The protocol here provides a detailed real-time dynamic sampling of extracellular fluid from the hippocampus of awake rats using a microdialysis system.
A variety of central nervous system (CNS) diseases are associated with changes in the composition of hippocampal extracellular fluid (HECF). However, difficulty in obtaining HECF in real time from conscious rats has long restricted the evaluation of CNS disease progression and the effectiveness of ethnomedicine therapy. Encouragingly, a brain microdialysis technique can be used for continuous sampling with the advantages of dynamic observation, quantitative analysis, and a small sampling size. This allows the monitoring of changes in the extracellular fluid content for compounds from traditional herbs and their metabolites in the brain of living animals. The aim of this study was thus to accurately implant a cerebrospinal fluid microdialysis probe into the hippocampal region of Sprague Dawley (SD) rats with a three-dimensional brain stereotaxic apparatus, cutting off molecular weights greater than 20 kDa. The high-quality HECF was then obtained from conscious rats using a microdialysis sampling control system with an adjustable sampling rate from 2.87 nL/min - 2.98 mL/min. In conclusion, our protocol provides an efficient, rapid, and dynamic method to obtain HECF in awake rats with the help of microdialysis technology, which provides us with unlimited possibilities to further explore the pathogenesis of CNS-related diseases and evaluate drug efficacy.
Central nervous system (CNS) diseases with high morbidities, such as neurodegenerative disease, traumatic brain injury, high-altitude hypoxia-induced brain injury, and ischemic stroke, are crucial causes of the growing mortality worldwide1,2,3. Real-time monitoring of cytokines and protein changes in specific brain regions contributes to the diagnostic accuracy of CNS diseases and brain pharmacokinetic studies after medication. Traditional scientific research uses brain tissue homogenate or a manual collection of animal interstitial brain fluid for the detection of specific substances and for pharmacokinetic studies. However, this has some shortcomings, such as a limited sample size, the inability to dynamically observe the changes of indicators, and uneven sampling quality4,5,6. Cerebrospinal fluid, an interstitial fluid, protects the brain and spinal cord from mechanical damage. Its composition is different from that of the serum due to the existence of the blood-brain barrier (BBB)7. Direct analysis of cerebrospinal fluid samples is more conducive to disclosing the mechanism of CNS lesions and drug discovery. Inevitably, the cerebrospinal fluid samples, manually obtained directly from the cisterna magna and cerebral ventricles through a syringe, have disadvantages of blood contamination, a random chance of sample collection, uncertainty of quantity, and almost no multiple retrieval possibility8,9. More notably, conventional interstitial brain fluid sampling methods cannot obtain samples from damaged brain regions, which hinders the exploration of the pathogenesis of CNS diseases in specific brain regions and the efficacy evaluation of targeted ethnomedicine therapies9,10.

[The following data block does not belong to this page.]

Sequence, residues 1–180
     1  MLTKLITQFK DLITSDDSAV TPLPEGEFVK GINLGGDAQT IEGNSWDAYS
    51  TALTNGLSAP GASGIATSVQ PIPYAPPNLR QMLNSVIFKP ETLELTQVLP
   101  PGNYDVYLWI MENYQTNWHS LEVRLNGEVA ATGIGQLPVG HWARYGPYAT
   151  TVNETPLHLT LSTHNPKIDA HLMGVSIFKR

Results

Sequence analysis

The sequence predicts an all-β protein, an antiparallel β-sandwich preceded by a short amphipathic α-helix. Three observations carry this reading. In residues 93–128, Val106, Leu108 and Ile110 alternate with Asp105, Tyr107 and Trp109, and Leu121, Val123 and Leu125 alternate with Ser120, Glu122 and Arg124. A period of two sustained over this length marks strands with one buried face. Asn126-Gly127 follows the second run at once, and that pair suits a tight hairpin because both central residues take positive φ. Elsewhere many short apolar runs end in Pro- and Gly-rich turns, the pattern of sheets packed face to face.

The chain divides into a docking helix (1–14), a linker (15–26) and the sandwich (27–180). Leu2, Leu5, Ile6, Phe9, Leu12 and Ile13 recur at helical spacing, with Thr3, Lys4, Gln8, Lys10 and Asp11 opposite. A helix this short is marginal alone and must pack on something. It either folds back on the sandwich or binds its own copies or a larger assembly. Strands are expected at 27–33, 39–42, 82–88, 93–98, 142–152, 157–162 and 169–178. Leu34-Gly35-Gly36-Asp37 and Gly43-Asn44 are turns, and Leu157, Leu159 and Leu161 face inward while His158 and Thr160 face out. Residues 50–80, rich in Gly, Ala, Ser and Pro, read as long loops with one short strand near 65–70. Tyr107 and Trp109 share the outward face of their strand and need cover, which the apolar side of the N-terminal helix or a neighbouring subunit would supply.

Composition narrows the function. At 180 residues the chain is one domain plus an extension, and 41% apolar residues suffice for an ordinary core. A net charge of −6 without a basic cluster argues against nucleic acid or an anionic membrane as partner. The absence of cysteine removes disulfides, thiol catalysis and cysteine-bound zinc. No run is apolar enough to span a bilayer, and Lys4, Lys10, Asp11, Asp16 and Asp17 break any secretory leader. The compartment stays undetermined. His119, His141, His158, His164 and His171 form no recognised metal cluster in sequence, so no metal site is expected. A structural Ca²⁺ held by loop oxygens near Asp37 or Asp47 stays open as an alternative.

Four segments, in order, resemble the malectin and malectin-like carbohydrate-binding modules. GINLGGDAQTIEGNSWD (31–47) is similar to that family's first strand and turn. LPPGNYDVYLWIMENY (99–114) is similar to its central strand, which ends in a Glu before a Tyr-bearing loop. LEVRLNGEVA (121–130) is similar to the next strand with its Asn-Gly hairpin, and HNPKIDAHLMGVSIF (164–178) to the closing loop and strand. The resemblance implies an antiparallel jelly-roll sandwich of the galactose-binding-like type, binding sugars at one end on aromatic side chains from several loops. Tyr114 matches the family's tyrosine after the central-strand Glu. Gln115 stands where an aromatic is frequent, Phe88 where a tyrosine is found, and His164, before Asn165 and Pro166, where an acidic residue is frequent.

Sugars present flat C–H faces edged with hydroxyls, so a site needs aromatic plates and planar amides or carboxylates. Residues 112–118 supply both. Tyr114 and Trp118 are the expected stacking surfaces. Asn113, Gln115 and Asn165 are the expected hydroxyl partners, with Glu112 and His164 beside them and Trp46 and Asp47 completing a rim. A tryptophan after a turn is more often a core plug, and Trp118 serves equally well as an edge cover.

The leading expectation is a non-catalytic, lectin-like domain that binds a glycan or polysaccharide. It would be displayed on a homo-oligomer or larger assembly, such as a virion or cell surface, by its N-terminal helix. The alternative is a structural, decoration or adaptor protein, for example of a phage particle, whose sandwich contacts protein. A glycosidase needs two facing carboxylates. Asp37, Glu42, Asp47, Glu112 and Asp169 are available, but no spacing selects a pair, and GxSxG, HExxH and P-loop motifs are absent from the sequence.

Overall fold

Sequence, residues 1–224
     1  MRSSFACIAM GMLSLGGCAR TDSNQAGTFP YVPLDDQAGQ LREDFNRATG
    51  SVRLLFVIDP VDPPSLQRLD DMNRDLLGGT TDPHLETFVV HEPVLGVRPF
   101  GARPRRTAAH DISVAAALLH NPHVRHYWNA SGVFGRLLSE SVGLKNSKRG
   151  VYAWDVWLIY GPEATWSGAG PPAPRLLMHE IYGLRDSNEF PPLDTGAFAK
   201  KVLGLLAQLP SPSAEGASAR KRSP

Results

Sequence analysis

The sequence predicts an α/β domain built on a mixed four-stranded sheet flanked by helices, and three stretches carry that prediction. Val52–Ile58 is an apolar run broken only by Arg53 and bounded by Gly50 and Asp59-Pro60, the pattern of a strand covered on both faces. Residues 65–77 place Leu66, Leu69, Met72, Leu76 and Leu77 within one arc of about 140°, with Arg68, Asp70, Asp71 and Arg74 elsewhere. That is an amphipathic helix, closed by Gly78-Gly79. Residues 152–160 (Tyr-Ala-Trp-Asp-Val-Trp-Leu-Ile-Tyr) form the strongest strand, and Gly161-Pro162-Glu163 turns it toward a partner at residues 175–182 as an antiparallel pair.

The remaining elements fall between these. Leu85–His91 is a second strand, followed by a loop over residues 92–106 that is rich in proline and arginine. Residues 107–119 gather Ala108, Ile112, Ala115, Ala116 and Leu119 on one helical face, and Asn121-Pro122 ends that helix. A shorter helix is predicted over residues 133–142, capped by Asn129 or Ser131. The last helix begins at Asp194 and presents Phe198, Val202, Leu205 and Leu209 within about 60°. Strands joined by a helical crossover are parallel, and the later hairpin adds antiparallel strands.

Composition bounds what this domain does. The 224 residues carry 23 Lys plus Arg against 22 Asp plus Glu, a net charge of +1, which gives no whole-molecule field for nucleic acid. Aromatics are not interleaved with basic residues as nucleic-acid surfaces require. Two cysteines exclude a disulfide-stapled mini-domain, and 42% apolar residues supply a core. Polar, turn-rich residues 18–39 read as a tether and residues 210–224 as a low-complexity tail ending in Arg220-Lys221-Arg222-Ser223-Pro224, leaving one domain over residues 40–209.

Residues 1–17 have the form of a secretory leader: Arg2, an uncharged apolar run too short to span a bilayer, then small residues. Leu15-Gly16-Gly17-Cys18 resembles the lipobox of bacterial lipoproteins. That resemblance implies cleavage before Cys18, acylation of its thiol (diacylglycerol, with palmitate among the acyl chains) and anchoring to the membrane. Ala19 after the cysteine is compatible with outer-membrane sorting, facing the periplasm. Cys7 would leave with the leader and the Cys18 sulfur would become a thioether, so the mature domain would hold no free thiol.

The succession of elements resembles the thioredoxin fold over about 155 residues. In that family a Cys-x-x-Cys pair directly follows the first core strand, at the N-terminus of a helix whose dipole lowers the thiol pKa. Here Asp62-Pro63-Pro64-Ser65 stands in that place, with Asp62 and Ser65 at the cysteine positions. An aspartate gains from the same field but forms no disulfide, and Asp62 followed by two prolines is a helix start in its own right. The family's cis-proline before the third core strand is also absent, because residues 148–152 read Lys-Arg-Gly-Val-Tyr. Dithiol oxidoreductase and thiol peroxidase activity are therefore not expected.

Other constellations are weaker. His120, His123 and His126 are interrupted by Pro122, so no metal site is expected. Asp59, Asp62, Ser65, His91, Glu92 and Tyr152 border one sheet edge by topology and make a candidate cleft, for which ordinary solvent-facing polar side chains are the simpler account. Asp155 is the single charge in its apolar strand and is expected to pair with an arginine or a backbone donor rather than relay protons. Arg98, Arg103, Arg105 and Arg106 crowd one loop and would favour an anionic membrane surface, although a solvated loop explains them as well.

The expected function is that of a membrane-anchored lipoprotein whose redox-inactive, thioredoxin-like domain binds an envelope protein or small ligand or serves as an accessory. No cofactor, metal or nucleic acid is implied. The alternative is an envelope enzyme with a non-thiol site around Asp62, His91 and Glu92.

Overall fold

Brain microdialysis is a technique for sampling interstitial brain fluid in awake animals11. The microdialysis system imitates vascular permeability with the help of a probe implanted in the brain. The microdialysis probe is armed with a semi-permeable membrane and is implanted in specific brain regions. After perfusion with isotonic artificial cerebrospinal fluid (ACSF), the dialyzed interstitial brain fluid can be favorably collected with the benefits of small sample sizes, continuous sampling, and dynamic observation12,13. In terms of location, brain microdialysis probes can be selectively implanted into brain structures or cranial cisterns of interest14. An observation of abnormal levels of an endogenous substance in the hippocampal extracellular fluid (HECF) suggests the occurrences of CNS diseases or the pathogenesis of disease. Several studies have shown that the biomarkers for CNS diseases, such as D-amino acids in schizophrenia, β-amyloid and tau proteins in Alzheimer's disease, neurofilament light chains in traumatic brain injury, and ubiquitin carboxy-terminal hydrolase L1s in hypoxic ischemia encephalopathy, can be analyzed in cerebrospinal fluid15,16,17. A chemical analysis method based on the brain microdialysis sampling technique can be used to monitor dynamic changes of exogenous compounds such as active ingredients of ethnomedicine, which diffuse and distribute in specific brain regions14.
This article presents the specific process of dynamic HECF acquisition in awake rats and measures its osmotic pressure to ensure sample quality.
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The experimental protocol was conducted in accordance with the requirements of the Use of Laboratory Animals and Institutional Animal Care and Use Committee at Chengdu University of Traditional Chinese Medicine (Record number: 2021-11). Male Sprague Dawley (SD) rats (280 ± 20 g, 6-8 weeks old) were used for the present study.
1. Brain microdialysis probe implantation surgery
- Use 3% and 1.5% isoflurane for the induction and maintenance of rat anesthesia, respectively, using an animal anesthesia system in an air-oxygen mixture at 0.6 L/min. Make sure that the rats are deeply anesthetized without both a pain reflex and a corneal reflex. Use veterinary ointment on the eyes to prevent dryness while under anesthesia.
- Fix the anesthetized rats on a stereotaxic brain locator. Remove the fur on the skull with an electric shaver and apply ethanol and povidone-iodine 3x to the region of surgery with a sterile cotton ball to disinfect the skin before operation.
NOTE: The entire process of microdialysis-based HECF sample acquisition is illustrated in Figure 1.
- Make a 1.5 cm craniofacial incision down the middle with surgical scissors and remove the periosteum using surgical scissors and ophthalmic forceps.
- Consider the bregma as the basal position and pierce the endocranium to drill a 2 mm aperture at the anteroposterior (AP) position (-2 mm), the mediolateral (ML) position (-3.5 mm), and the dorsoventral (DV) position (-3.5 mm) (the hippocampal CA1 region) using a cranial drill.
- Fix the catheter stylet on the gripper of a stereotaxic brain locator and adjust the position of the microdialysis casing at the AP (-2 mm), ML (-3.5 mm), and DV (0 mm) positions. Adjust the DV value of the brain stereo locator, and implant the microdialysis casing into the CA1 region at a depth of 3.5 mm.